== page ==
If social commerce is ever going to fulfil its ambitions, it must go after all parts of what is known as the consumer purchase funnel.
The classic funnel might be divided into three main stages: consumers discover new products on Facebook or Pinterest, then form an opinion, and finally move on to the purchase stage.
Social commerce is all about inspiration and product discovery, but entrepreneurs and retailers are anxious to transform that interest at the “top-of-the-funnel,” into sales.
In a new report from BI Intelligence, we analysed the most recent data and spoke to leaders in the social commerce space to understand how their companies are adding value at different stages of the retail and e-commerce purchase funnel. To do so they’re building social networks around e-commerce platforms, partnering with brands, or otherwise transforming social commerce’s strengths in Pinterest-style digital window-shopping into a clear value proposition.
Here’s how social commerce companies are driving sales:
- It’s not about click-to-buy: Social commerce is not simply transactional — it’s not just about offering a click-to-buy link next to an offer on Facebook. Social commerce will never be what some have wanted it to be, an “Amazon killer.”
- What will help social commerce grow as a sales driver? The key is to help connect the funnel end-to-end, or to connect different mediums — say, social media and TV — to help coax a consumer down the funnel.
- There are a few ways to encourage purchases: Retargeted advertising may be one missing link. It enables social commerce to connect the sales funnel from end-to-end by serving ads that remind users of products they have browsed across the Web but have not yet purchased. So far, only Facebook has developed this capability.
- Also: Clever merchandising and user interfaces allow for sticky merchant-to-consumer relationships that can help nudge a consumer toward purchase over time.
- Finally, referrals shouldn’t be discounted: Another solution is for social commerce to develop as a sales referral engine, and take a cut of the sales. If social commerce sites have a large enough audience, even a low referral and conversion rate will result in a good revenue stream.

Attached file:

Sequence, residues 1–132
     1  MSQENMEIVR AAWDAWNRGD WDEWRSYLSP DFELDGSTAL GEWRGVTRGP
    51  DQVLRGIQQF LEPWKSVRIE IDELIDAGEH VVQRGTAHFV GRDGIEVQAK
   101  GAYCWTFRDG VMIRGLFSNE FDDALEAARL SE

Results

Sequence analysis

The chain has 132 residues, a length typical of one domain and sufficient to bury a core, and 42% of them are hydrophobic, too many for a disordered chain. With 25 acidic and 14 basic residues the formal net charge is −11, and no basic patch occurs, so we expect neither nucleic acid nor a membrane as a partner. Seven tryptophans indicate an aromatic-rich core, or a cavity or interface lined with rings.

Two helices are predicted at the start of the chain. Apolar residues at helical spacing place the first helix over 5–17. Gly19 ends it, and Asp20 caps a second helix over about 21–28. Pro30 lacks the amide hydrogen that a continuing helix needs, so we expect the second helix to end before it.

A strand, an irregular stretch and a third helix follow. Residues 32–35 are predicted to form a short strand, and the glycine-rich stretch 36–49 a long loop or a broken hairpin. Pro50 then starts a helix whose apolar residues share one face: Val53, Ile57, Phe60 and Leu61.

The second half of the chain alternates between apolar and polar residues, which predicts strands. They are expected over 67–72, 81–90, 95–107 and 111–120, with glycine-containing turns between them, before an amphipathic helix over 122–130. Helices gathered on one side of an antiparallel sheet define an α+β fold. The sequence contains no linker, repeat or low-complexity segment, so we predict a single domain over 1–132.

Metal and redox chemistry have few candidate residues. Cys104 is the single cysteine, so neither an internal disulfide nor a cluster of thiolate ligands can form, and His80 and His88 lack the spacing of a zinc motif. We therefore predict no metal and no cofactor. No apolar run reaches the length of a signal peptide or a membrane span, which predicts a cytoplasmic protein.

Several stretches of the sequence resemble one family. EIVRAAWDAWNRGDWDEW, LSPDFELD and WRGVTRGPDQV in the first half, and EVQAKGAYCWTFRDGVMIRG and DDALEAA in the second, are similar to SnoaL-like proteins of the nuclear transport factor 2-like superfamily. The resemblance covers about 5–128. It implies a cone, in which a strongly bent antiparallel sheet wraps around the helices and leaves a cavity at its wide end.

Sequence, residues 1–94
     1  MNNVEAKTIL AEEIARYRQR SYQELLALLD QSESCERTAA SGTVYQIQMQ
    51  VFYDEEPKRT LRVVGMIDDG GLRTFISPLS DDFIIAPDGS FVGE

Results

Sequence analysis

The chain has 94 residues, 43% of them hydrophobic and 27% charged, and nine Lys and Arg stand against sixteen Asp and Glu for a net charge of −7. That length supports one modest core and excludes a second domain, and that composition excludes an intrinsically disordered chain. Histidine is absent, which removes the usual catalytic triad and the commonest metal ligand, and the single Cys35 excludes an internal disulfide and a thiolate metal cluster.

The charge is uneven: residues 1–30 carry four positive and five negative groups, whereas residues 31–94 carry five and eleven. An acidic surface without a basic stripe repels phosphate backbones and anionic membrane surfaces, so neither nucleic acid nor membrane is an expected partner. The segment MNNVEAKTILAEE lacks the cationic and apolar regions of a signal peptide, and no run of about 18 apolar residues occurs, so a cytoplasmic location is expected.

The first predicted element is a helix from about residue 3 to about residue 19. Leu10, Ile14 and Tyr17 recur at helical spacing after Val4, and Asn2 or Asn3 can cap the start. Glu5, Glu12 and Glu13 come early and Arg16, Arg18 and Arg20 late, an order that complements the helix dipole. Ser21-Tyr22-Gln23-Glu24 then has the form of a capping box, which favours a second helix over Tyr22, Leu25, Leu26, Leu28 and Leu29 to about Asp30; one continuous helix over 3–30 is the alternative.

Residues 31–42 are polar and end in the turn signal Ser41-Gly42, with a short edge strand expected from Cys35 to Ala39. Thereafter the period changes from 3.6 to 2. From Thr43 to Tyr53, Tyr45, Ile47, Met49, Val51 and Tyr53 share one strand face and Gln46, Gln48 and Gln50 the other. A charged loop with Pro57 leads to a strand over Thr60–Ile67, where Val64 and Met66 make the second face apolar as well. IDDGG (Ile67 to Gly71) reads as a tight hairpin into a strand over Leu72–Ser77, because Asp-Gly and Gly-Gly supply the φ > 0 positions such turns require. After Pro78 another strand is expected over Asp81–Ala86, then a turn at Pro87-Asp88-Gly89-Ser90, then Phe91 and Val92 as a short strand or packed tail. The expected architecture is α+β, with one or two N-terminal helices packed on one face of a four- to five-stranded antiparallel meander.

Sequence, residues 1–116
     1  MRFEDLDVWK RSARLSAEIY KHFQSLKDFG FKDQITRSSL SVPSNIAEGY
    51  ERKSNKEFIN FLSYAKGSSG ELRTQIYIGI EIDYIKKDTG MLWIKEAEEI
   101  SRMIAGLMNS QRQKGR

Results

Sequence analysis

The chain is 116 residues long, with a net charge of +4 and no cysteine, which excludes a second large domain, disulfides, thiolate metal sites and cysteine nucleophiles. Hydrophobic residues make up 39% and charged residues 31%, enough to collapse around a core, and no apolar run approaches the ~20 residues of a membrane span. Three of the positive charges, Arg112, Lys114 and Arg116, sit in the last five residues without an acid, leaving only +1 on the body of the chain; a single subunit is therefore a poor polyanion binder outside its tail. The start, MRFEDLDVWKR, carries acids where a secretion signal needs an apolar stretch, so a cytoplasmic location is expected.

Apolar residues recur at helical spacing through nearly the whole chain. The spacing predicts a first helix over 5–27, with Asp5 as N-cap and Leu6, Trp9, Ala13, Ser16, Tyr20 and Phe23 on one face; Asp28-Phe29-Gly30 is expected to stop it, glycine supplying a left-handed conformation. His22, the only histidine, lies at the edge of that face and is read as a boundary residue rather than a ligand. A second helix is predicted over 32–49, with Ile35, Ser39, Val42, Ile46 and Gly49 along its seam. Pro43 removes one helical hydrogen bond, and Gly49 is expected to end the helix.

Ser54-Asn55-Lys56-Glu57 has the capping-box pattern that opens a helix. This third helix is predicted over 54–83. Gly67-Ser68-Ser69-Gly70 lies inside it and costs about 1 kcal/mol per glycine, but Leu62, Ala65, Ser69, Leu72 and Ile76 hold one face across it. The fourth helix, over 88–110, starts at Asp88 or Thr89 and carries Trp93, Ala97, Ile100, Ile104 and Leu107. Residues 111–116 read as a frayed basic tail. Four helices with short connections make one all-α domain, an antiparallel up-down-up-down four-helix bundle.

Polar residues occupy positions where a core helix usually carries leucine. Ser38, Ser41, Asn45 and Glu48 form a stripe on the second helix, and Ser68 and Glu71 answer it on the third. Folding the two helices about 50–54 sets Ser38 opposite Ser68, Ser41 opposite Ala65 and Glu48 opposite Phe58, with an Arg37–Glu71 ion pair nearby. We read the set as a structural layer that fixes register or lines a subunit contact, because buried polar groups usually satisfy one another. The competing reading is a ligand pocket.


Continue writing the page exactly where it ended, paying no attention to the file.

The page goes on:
In full, the report:
- Explains how time-sensitive offers on social media can motivate users to snap out of casual browsing or social media-grazing and into a buying mood
- Includes interviews with three social commerce industry leaders
- Discusses why Twitter has a unique opportunity at the bottom of the funnel
- Looks at Pinterest’s prospects as a top-of-funnel platform
- Examines Facebook’s mothballing of its physical gifts program and the success of its ad-retargeting platform, FBX
- Reveals average order values and order volume for a leading social commerce platform
- Breaks down the share of social media-generated e-commerce sales for each social network
- Looks at the demographics of social commerce consumers
- Compares Twitter, Facebook and more traditional digital methods of retail customer acquisition such as search engines
The report also includes an exclusive collection of eight charts and datasets, and a full-resolution version of our social commerce sales funnel graphic. Subscribers to BI Intelligence also have full access to our ongoing coverage of social commerce, including our May 2013 Social Commerce Report.
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